When it comes to Windows system administration and automation, PowerShell is traditionally the go-to tool for IT professionals and developers.
Described as a task-based command-line shell and scripting language, it allows you to control and automate the administration of operating systems and the applications they power.
Created by Jeffrey Snover, Bruce Payette, and James Truher in 2003, PowerShell runs on the .NET framework from Microsoft and supports Windows, Linux, and MacOS devices. Its use cases have not only evolved over the years, but a large community of like-minded techies has emerged.
Ed Dipple, Lead CloudOps Engineer at DevOpsGroup, uses PowerShell extensively on a day-to-day basis. In this piece, he talks about the benefits of the tool, how you can get the most out of it, and how you can get involved in the growing PowerShell community.
Accelerating digital transformation
Managing systems isn’t an easy task, but PowerShell provides you with a consistent and simple way to control the complexity involved. Ed’s view is that it makes life as a developer easier, particularly when looking to maximise productivity and handle data.
“PowerShell was originally designed to replace the Windows Batch and VBScript languages that were historically used to automate repetitive tasks in the Windows world. What makes PowerShell valuable compared to Linux-based tools such as Bash is that everything is treated as a .NET object. This allows you to read and manipulate data easily,” he explains.
As PowerShell has evolved over the years, it’s become popular among professionals and organisations embarking on digital transformation journeys. Ed says: “PowerShell plays an incredibly valuable role within DevOps. Its use cases include server auditing, parallel server updates, creating servers in Azure, and managing Active Directory. In one language, you can automate all the systems you encounter.”
On a daily basis, Ed manages complex systems and works with a variety of enterprise clients. He uses PowerShell to streamline his workload. “I mostly use PowerShell to test and update the state of Windows servers. But it’s also handy for automating various tasks within Azure,” he says.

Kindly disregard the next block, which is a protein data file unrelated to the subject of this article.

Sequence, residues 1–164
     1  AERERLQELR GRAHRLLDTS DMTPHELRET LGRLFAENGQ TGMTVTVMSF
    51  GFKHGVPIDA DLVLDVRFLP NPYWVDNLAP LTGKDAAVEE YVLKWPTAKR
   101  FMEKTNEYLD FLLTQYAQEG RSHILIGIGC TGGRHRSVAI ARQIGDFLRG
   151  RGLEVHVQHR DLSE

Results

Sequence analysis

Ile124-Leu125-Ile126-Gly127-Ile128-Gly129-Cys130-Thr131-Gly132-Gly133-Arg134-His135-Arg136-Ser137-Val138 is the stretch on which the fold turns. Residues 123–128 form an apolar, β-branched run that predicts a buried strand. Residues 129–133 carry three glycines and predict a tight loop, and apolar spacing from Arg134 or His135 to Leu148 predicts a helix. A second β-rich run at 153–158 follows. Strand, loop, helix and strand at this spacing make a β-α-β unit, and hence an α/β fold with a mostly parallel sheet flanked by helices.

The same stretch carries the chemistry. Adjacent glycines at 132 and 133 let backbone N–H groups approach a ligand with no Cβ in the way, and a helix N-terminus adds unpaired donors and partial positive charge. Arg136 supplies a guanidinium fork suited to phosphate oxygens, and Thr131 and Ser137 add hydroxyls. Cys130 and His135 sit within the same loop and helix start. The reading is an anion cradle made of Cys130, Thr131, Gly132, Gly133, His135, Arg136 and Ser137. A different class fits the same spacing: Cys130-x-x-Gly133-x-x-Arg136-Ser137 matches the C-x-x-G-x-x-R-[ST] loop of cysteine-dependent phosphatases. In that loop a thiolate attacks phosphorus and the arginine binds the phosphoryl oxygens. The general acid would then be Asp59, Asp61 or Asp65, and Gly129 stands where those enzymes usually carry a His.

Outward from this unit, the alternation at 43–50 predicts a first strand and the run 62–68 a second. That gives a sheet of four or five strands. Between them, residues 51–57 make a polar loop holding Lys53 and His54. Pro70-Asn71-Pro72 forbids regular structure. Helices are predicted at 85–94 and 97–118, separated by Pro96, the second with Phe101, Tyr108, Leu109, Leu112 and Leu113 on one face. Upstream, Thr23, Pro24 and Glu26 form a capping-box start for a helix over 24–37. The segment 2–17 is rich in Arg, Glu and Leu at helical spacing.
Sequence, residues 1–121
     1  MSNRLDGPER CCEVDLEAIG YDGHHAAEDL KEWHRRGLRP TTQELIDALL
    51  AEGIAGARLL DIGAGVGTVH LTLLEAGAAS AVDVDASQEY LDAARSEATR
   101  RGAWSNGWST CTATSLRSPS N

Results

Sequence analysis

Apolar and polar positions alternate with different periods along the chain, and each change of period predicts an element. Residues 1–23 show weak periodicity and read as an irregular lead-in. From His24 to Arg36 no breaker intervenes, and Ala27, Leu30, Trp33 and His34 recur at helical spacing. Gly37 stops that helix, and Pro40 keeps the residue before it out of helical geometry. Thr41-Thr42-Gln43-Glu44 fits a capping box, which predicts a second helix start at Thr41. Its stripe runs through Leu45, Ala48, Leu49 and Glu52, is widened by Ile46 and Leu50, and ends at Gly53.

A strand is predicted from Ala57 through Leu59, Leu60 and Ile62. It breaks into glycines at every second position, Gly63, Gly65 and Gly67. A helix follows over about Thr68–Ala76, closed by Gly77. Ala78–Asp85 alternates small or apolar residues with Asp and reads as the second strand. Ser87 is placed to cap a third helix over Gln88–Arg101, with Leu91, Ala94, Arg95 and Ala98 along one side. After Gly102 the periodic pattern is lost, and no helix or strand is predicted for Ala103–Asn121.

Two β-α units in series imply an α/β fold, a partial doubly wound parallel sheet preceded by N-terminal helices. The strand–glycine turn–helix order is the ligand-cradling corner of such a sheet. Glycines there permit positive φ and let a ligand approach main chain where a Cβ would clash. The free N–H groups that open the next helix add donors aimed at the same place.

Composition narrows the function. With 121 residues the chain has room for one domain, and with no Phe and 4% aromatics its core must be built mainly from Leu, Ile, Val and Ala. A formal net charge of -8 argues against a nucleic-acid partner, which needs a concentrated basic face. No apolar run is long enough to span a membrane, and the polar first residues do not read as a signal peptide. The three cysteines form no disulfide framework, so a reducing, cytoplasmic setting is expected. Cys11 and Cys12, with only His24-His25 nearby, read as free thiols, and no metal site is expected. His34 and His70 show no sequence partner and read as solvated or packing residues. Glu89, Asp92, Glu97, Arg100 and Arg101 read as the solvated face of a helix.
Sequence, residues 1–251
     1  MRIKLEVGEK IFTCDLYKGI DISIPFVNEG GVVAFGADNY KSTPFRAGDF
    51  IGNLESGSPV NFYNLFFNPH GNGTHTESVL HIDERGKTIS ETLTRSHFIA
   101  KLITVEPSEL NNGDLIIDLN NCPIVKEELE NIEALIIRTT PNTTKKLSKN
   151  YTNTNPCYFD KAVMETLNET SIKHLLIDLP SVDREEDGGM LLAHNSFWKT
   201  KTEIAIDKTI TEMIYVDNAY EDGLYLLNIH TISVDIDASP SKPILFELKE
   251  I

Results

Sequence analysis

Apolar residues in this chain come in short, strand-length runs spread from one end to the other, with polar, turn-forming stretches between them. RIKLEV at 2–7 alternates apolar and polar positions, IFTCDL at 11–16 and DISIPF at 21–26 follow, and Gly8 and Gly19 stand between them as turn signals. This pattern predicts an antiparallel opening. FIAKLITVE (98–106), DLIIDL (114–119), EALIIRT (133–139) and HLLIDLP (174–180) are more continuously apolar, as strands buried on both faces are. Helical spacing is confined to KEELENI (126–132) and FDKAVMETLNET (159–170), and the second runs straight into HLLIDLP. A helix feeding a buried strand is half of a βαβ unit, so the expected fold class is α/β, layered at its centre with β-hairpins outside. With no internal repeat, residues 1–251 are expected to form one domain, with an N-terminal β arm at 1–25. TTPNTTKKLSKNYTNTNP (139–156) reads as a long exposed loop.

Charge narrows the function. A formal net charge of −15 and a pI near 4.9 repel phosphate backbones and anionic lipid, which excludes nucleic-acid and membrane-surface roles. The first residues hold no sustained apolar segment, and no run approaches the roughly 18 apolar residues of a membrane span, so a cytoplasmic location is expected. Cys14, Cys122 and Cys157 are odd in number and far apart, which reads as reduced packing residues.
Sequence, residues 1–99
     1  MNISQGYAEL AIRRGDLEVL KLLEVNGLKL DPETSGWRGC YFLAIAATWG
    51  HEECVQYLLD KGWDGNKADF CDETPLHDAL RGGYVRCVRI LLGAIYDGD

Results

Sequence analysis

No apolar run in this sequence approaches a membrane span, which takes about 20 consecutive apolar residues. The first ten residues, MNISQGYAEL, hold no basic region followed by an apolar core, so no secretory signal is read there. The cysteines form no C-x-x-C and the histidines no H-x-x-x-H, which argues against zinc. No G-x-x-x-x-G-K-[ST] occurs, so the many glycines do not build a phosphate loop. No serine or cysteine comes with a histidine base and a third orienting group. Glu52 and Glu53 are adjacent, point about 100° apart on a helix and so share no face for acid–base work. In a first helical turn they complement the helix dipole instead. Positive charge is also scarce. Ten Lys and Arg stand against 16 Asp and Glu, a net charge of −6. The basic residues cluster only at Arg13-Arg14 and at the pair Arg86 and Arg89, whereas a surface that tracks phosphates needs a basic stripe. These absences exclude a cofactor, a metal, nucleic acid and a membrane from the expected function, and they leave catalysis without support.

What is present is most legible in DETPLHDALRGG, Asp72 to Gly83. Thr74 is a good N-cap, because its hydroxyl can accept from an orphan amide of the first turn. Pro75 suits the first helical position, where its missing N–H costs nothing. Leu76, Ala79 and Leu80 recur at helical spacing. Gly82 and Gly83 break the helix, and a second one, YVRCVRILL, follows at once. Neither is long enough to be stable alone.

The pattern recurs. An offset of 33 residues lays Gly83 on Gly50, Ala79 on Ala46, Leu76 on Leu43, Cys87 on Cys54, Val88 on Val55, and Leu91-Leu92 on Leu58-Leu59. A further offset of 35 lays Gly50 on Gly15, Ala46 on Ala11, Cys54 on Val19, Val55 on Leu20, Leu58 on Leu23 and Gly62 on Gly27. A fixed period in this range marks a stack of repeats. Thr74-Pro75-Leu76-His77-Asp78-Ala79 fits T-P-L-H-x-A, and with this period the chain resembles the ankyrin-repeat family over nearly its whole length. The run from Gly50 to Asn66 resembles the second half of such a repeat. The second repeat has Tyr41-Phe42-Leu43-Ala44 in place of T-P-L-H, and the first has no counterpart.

“More recently, I’ve been using it to model user workflows in the absence of a rich web interface. Without PowerShell, working in the Windows environment would be a more difficult experience.”
If you’re just getting started with PowerShell or are looking for things to do with the tool, Ed has some key tips. He recommends: “I’d say definitely make sure you’re using Pester. It’s a testing framework and allows you to work out if the code you’re writing actually works. You can also make use of the ISE and VS code debuggers to go through your code line-by-line and work out which elements don’t work.”
Community is at the heart of PowerShell
Since launching in the early 2000s, PowerShell has seen six major versions released to the public and has improved greatly. However, this has only been possible due to the contribution of developers globally. Ed is one of the IT pros playing an active role in the PowerShell community.
“Last year, the multi-platform version of PowerShell was released – providing compatibility for Mac OS and Linux. But at the time, it was an early alpha version and some of the popular community-supported PowerShell modules didn’t work yet – in my case, Pester and Plaster. I was involved in trying to fix these issues before the version was pushed out to more users,” he remarks.
The importance of community was one of the defining messages at PSDay London 2018.
Ed continues: “My biggest takeaway from the event was during the keynote, when Richard Siddaway said the future of PowerShell is now in the hands of the community.
“Because Microsoft has made many elements of PowerShell open-source, and because it now supports a wide range of operating systems, they can’t handle it by themselves. The PowerShell team want people to drive what the tool is and what it will become over the next few years.”
Driving innovation forward in the PowerShell world may sound like a daunting task, but getting involved in the community is actually simple. “Firstly, check out Stack Overflow and see if you can answer any questions. There’s quite a lot of questions you could help with, and you don’t have to be a PowerShell guru to get involved,” says Ed.
“If you’re using a popular PowerShell module and think it’s missing a feature, just go on GitHub, update it, and create a Pull request. Everything is written in PowerShell, so it’s easy to understand and make some changes.”
As part of the DevOps transformation journey, PowerShell plays a crucial role in automating complex tasks and giving developers greater control of systems. But what’s clear is that the future of PowerShell will be determined by the developer community. You can help to shape what it becomes and how it drives value for your organisation.
To learn more about this topic, sign up for the inaugural PowerShell Cardiff meet-up. Organised by the UK DevOps Collective, it’ll take place at DevOpsGroup’s Cardiff HQ on January 16.
Sign up for the inaugural PowerShell Cardiff meet-up here.